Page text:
The fact that it took just a single instance of negative news about vaccination to cause many years of increased vaccine hesitancy [in Nigeria] highlights the importance of careful, ethical, and transparent practices in reporting on vaccination efforts during the COVID-19 pandemic. The current media landscape in the U.S. is incredibly polarized and fragmented, and there is a lot of disinformation out there, which has led to a lot of confusion and misinformation about vaccination during the pandemic. Federal and local governments and national agencies, such as the CDC, need to work with local institutions that people trust to communicate information about vaccination clearly, consistently, and transparently. Otherwise, it will be difficult to improve vaccine compliance and get more people to take up vaccination, which is a key health policy to reduce the spread of disease and end the pandemic.
As an economist, what was your biggest takeaway from how vaccine hesitation can affect a nation’s economy?
I am constantly thinking about the ways institutions and environment shape the incentives people face and how that in turn affects their/our decision making. Based on our research, we know that epidemics can have disastrous impacts on economic well-being, particularly for the most vulnerable populations within societies — for example, through widening gender inequality and decreasing health, education, income, and labor market outcomes for women and Black and other populations of color in the United States. Vaccination is a key policy to mitigate the spread of disease and end epidemics, and hence, increased vaccine hesitancy can lead to prolonged epidemics that are costly to populations on all the dimensions and outcomes I mentioned earlier. Both the direct health costs — through increased cases of disease among unvaccinated populations — and the indirect costs on health, education, income, employment, etc., can be higher the higher the level of vaccine hesitancy and the lower the level of vaccination among populations, especially during epidemics.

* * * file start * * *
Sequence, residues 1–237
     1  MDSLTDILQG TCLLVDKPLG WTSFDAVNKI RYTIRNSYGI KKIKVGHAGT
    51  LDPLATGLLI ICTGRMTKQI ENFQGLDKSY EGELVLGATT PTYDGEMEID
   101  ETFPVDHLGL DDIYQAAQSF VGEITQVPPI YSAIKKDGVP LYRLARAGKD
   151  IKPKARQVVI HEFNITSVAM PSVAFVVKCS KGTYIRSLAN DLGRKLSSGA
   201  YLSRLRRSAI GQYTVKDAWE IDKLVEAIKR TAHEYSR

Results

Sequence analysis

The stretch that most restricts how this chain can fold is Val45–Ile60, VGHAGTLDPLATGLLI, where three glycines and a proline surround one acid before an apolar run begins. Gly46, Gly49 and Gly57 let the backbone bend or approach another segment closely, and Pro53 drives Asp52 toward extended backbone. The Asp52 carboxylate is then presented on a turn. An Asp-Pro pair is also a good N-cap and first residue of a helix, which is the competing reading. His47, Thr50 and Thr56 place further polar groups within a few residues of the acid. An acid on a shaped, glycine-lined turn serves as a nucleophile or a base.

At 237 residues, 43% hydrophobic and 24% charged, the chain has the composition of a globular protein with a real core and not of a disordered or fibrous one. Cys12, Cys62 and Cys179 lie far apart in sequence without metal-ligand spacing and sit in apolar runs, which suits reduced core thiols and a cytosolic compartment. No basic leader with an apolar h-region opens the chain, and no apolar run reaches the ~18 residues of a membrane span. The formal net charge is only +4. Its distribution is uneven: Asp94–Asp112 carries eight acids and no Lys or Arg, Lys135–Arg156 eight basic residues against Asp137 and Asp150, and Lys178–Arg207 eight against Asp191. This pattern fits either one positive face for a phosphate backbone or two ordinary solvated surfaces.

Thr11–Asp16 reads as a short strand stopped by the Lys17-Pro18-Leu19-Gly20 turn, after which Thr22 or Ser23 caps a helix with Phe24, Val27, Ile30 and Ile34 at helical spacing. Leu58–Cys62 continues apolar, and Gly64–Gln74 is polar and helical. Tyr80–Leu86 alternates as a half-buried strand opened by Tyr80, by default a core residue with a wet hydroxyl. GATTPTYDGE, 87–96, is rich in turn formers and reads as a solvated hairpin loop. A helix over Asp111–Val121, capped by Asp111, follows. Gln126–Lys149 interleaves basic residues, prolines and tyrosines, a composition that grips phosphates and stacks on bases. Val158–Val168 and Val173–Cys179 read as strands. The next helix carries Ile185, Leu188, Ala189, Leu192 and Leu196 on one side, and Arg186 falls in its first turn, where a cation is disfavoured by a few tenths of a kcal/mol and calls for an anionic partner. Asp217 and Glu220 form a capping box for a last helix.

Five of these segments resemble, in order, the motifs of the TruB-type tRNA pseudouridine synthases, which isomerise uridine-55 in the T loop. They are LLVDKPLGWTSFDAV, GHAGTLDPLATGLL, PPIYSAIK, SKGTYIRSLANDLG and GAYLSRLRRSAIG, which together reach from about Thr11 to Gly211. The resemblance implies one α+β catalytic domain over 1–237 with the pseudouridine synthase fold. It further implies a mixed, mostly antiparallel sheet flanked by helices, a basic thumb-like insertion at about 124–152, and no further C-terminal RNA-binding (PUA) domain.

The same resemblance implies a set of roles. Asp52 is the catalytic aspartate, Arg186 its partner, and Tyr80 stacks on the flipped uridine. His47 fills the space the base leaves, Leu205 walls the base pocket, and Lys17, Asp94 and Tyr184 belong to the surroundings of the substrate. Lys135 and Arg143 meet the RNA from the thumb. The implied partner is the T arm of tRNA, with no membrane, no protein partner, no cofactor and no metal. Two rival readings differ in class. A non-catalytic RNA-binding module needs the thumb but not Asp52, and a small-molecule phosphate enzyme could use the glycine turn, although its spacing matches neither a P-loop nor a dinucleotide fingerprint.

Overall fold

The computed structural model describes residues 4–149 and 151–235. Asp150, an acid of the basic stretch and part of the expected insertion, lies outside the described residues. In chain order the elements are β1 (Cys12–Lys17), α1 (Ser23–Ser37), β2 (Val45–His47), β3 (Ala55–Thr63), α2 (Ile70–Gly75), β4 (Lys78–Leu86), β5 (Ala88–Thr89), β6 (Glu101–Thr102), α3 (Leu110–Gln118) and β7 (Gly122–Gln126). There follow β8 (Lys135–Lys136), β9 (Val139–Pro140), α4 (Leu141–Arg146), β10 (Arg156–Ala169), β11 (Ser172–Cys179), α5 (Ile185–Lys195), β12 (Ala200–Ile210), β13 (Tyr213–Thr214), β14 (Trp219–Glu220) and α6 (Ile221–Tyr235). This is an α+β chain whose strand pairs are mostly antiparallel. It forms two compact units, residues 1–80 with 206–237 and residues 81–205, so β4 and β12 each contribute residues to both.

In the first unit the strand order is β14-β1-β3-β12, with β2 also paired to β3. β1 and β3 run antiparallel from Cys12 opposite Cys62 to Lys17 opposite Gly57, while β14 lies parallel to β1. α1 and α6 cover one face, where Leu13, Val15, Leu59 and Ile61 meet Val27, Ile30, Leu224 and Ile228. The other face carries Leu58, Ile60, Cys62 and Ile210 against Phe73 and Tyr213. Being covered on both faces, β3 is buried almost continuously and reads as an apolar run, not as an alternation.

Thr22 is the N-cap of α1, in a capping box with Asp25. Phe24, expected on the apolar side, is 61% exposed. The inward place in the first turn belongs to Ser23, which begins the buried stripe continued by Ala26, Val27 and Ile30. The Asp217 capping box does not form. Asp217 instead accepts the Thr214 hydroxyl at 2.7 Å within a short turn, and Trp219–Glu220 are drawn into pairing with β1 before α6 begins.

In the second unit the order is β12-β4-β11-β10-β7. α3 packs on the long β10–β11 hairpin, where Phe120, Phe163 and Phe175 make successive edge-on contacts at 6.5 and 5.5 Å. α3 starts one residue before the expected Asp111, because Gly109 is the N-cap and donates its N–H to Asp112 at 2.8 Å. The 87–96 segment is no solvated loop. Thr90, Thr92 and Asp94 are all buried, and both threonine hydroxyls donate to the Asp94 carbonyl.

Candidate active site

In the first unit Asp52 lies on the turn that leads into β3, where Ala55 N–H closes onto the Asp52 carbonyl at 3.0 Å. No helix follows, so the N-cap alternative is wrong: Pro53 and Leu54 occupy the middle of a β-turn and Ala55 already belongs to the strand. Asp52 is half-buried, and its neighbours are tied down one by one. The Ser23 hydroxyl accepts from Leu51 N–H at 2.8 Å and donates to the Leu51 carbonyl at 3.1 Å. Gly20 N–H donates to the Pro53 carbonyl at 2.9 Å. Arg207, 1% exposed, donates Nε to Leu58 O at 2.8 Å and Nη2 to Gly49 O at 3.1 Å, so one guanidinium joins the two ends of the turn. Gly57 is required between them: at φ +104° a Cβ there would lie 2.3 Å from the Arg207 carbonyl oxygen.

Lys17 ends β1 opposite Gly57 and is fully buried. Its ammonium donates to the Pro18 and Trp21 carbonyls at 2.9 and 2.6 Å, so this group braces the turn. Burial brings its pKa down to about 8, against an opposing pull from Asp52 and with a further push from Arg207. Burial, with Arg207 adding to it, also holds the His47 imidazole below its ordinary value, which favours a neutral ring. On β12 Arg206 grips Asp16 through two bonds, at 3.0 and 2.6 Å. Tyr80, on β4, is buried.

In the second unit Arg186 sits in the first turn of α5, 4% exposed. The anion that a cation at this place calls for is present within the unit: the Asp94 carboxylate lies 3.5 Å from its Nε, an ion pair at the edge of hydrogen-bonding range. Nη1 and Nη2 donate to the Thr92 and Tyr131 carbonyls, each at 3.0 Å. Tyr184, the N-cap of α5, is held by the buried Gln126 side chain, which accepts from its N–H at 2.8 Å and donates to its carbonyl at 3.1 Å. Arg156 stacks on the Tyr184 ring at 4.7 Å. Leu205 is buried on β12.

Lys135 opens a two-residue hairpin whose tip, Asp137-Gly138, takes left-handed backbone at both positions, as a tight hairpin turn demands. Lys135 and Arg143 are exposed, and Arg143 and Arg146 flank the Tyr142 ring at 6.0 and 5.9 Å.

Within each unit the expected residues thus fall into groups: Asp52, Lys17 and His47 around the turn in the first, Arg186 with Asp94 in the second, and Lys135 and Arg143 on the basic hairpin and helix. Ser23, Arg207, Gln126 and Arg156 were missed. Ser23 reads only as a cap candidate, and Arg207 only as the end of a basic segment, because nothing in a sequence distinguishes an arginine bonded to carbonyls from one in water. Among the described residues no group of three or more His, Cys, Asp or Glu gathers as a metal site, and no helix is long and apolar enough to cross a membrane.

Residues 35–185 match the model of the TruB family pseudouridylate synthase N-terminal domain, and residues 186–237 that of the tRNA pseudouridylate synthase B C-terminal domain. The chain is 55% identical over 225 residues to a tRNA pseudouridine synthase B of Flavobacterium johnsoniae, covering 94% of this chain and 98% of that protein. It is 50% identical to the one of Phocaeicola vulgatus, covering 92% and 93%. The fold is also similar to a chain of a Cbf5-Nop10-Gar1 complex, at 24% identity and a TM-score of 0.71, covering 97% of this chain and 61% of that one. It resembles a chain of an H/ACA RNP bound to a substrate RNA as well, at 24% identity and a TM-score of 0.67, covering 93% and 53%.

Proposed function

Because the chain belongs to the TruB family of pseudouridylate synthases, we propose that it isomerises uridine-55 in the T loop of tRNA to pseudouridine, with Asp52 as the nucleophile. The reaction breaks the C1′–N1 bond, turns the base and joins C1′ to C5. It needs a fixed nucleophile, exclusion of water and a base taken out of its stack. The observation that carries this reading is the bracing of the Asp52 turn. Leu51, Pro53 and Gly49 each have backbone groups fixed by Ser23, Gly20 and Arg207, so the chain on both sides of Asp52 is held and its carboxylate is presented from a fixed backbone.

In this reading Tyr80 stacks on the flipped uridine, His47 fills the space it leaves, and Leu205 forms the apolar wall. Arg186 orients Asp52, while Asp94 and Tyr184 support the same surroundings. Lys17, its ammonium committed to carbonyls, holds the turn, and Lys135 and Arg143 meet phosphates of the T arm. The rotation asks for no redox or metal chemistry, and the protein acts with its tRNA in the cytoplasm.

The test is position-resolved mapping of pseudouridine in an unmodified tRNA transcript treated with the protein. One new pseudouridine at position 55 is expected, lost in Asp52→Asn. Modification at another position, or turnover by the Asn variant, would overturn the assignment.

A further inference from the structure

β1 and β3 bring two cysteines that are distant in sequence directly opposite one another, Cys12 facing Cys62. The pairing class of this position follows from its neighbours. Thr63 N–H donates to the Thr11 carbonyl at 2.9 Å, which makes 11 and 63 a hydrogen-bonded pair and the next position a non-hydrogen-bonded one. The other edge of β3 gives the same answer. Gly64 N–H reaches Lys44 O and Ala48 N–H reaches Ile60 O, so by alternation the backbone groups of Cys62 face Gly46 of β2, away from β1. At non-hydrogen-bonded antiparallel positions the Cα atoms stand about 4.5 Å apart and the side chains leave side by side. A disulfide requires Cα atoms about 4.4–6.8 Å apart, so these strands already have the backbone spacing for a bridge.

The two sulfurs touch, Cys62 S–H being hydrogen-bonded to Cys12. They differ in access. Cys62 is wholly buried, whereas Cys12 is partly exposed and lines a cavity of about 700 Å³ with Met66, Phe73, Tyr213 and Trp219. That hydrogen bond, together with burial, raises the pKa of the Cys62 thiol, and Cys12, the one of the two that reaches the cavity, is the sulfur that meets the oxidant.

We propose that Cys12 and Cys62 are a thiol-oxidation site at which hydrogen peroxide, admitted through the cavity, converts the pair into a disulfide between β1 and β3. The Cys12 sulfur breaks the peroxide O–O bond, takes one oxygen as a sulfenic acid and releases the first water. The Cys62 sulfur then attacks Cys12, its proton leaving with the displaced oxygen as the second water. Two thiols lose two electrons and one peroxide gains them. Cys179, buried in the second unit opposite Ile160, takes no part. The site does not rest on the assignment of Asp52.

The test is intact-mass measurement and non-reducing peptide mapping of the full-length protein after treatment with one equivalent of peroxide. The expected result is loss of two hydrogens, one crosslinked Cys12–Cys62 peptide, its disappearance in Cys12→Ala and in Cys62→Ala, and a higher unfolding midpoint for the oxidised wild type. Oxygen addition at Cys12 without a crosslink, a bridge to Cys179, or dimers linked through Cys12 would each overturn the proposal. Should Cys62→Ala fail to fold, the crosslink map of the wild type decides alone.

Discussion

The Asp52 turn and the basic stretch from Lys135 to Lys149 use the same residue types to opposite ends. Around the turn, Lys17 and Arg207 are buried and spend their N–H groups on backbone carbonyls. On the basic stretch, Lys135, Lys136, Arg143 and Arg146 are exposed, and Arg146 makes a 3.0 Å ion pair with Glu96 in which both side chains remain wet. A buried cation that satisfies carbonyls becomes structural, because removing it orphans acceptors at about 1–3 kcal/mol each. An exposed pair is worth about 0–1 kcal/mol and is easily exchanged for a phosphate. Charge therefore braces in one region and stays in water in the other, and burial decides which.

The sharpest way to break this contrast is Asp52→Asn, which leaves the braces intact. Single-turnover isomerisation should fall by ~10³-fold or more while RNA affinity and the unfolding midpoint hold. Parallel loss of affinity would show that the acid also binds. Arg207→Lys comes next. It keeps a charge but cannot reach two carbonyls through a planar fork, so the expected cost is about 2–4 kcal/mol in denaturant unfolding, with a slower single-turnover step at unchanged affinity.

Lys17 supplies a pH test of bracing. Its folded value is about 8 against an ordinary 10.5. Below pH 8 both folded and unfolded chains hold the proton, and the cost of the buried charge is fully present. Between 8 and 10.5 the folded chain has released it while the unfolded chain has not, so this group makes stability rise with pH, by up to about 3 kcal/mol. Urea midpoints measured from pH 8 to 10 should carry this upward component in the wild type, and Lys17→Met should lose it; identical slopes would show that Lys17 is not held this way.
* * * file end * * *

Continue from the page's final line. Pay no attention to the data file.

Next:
What should we know about how information can be shared and interpreted around vaccines?
I also want to highlight the importance of both information and social networks in vaccine hesitancy when negative news about vaccination spreads, as in the Nigeria case. In our research, we find that the effects of reduced vaccination of children born to Muslim mothers was strongest amongst educated mothers who were literate and hence were more likely to read the news and also among mothers who lived in minority Muslim neighborhoods. These mothers in minority Muslim neighborhoods were more likely to cleave more strongly to their religious networks — attending mosque more often and expressing higher trust in their religious leaders — than their peers living in neighborhoods where Muslims were the majority. Understanding the dynamics of how people receive information — through media sources and through their social networks — is an important part of reducing vaccine hesitancy by leveraging local community networks to provide information and build trust in vaccination efforts.